The plan will note identified needs, gaps, resources and funding sources for projects and is envisioned as a potential model that can then be replicated with other school districts.

“The Northwest Tennessee Local Food Network is very excited to work with Weakley County Schools, teachers, students, administration, parents and farmers to plan for future Farm to School projects and programming that will benefit the health and welfare of our students and community at large,” Goyret added.

In response to the announcement of the grant monies, Weakley County School Director Randy Frazier observed, “The Local Food Network has become a fundamental partner in networking within the community to connect farmers and resources to Weakley County Schools. We are looking forward to discovering the best practices to improve access to local foods in schools and ways to enhance our students’ understanding of the impact of local farming.”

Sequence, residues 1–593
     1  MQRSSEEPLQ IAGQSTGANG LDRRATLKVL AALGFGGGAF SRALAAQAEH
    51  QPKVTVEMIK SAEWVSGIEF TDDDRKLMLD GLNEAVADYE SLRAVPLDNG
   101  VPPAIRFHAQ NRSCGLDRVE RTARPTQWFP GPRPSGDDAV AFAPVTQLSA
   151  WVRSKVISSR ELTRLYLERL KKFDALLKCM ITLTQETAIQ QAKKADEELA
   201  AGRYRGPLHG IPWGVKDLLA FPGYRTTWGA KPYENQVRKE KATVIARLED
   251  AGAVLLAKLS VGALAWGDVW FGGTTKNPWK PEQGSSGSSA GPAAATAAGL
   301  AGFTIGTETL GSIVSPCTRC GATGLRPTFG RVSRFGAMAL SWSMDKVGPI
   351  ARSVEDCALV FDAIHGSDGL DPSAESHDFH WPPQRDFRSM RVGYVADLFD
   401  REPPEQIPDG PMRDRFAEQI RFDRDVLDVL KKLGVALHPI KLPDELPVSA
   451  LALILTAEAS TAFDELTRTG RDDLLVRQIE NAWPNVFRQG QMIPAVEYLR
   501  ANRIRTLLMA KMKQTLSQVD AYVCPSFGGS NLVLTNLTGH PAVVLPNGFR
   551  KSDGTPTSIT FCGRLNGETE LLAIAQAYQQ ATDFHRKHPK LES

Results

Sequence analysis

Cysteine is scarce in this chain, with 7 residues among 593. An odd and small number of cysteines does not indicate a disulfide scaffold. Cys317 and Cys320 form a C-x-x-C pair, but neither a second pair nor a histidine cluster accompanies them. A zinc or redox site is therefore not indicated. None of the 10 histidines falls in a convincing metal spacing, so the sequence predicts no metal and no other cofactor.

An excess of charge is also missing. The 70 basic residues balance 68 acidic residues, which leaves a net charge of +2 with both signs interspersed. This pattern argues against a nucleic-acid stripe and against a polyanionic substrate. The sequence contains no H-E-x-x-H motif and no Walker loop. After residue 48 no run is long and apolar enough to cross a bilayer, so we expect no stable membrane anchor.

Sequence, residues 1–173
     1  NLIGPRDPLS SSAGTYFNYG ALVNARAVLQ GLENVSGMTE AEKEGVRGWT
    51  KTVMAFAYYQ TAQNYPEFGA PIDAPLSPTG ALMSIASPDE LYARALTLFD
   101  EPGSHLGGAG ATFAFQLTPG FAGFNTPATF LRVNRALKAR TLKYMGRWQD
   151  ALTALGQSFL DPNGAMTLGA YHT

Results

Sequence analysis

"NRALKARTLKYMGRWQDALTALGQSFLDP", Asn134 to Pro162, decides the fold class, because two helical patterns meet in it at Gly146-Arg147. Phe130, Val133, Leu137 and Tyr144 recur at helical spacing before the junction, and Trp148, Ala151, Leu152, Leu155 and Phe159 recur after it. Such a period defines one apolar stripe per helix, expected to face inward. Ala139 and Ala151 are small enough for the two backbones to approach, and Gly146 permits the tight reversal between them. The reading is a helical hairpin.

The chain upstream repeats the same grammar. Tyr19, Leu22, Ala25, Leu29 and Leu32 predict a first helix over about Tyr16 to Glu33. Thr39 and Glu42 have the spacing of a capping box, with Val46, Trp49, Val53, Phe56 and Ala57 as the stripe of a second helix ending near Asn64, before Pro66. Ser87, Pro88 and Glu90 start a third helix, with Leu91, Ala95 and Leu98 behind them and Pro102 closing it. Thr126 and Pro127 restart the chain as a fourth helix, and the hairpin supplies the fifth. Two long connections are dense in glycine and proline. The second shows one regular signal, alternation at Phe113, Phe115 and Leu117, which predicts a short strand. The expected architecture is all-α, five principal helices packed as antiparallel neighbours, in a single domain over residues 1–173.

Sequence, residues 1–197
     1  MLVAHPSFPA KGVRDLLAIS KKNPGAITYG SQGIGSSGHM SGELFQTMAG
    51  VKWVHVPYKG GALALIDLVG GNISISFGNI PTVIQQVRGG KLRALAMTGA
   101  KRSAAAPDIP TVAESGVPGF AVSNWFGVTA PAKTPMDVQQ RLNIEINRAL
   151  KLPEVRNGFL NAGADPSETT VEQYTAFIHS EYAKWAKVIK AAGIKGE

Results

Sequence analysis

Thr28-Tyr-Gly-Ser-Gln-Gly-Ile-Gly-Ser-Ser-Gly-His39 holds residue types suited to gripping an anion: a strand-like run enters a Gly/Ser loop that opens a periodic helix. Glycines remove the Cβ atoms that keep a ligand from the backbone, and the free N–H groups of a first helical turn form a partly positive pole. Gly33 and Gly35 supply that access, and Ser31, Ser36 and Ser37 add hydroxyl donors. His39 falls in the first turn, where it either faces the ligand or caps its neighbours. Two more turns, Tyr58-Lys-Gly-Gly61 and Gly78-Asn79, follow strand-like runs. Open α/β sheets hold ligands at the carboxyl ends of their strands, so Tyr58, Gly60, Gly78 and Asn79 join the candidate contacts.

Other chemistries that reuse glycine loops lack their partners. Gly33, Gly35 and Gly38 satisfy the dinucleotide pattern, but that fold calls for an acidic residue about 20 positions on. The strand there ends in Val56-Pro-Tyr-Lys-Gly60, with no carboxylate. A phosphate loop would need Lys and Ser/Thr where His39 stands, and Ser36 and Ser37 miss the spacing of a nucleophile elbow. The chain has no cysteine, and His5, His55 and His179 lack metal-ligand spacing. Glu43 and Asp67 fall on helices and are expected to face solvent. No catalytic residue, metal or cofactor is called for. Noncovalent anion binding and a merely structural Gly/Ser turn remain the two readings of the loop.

Several Farm to School activities are already underway in the district:

Second graders at Sharon School were introduced to growing their own food when they planted and reaped the bounty of a garden last year. The harvested sweet potatoes were then prepared by the school cafeteria to be shared with fellow students.

· All K-3 students participate in a curriculum geared toward farming, sustainability, and local communities.

· All 4th graders participate in Farm Day and visit a local farm.

· At Sharon School, 2nd graders have planted a small garden and maintain a hanging garden installed by Women’s Farm Bureau, funding from Farm Bureau Ag in the Classroom, and technical assistance from the LFN.